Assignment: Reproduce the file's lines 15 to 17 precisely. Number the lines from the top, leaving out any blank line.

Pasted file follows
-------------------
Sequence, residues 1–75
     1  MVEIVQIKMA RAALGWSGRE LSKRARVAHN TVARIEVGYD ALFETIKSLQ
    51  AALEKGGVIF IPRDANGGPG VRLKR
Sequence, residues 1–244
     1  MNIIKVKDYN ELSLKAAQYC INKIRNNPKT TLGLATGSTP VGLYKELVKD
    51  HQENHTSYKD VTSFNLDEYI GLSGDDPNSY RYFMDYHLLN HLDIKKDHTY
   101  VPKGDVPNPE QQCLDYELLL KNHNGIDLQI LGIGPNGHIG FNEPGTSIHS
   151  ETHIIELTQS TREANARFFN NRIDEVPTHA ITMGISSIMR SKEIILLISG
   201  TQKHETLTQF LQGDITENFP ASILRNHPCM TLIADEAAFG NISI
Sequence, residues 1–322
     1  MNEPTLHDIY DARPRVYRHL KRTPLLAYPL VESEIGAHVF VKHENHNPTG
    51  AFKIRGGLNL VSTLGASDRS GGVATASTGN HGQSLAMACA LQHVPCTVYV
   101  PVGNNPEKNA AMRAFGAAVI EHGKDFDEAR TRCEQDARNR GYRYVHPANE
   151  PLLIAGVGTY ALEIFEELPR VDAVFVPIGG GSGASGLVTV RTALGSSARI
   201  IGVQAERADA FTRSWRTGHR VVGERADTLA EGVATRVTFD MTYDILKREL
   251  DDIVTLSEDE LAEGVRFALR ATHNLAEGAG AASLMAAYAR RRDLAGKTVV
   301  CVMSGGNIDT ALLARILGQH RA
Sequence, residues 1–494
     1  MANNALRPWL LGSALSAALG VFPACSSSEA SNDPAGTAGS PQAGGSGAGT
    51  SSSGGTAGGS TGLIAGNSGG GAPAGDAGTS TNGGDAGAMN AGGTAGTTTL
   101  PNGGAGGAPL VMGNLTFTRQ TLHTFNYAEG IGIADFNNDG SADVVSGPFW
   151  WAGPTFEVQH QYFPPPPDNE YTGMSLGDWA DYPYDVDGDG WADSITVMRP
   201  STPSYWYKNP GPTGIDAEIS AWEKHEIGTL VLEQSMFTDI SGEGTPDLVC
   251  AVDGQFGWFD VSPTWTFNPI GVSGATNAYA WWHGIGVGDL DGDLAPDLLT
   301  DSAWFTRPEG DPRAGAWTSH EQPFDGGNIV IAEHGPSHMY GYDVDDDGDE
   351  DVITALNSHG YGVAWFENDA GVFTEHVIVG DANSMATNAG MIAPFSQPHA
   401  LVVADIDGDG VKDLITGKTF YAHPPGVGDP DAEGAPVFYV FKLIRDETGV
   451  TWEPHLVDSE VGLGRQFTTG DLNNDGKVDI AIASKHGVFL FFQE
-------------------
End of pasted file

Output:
   201  IGVQAERADA FTRSWRTGHR VVGERADTLA EGVATRVTFD MTYDILKREL
   251  DDIVTLSEDE LAEGVRFALR ATHNLAEGAG AASLMAAYAR RRDLAGKTVV
   301  CVMSGGNIDT ALLARILGQH RA